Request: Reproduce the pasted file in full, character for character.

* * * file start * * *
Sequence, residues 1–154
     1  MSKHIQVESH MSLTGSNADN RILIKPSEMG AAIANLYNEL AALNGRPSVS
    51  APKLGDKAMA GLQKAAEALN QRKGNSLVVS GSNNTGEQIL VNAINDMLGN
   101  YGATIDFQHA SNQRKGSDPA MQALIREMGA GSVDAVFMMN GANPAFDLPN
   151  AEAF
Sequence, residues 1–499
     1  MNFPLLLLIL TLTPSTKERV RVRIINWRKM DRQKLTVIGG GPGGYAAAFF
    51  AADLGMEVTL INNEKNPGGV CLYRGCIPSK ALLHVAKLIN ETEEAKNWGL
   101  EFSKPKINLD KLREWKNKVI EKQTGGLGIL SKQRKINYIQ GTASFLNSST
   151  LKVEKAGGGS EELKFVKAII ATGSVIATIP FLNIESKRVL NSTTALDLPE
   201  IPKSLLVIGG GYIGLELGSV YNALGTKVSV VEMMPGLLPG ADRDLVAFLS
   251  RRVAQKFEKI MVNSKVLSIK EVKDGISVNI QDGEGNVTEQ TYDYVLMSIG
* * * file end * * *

Sequence, residues 1–154
     1  MSKHIQVESH MSLTGSNADN RILIKPSEMG AAIANLYNEL AALNGRPSVS
    51  APKLGDKAMA GLQKAAEALN QRKGNSLVVS GSNNTGEQIL VNAINDMLGN
   101  YGATIDFQHA SNQRKGSDPA MQALIREMGA GSVDAVFMMN GANPAFDLPN
   151  AEAF
Sequence, residues 1–499
     1  MNFPLLLLIL TLTPSTKERV RVRIINWRKM DRQKLTVIGG GPGGYAAAFF
    51  AADLGMEVTL INNEKNPGGV CLYRGCIPSK ALLHVAKLIN ETEEAKNWGL
   101  EFSKPKINLD KLREWKNKVI EKQTGGLGIL SKQRKINYIQ GTASFLNSST
   151  LKVEKAGGGS EELKFVKAII ATGSVIATIP FLNIESKRVL NSTTALDLPE
   201  IPKSLLVIGG GYIGLELGSV YNALGTKVSV VEMMPGLLPG ADRDLVAFLS
   251  RRVAQKFEKI MVNSKVLSIK EVKDGISVNI QDGEGNVTEQ TYDYVLMSIG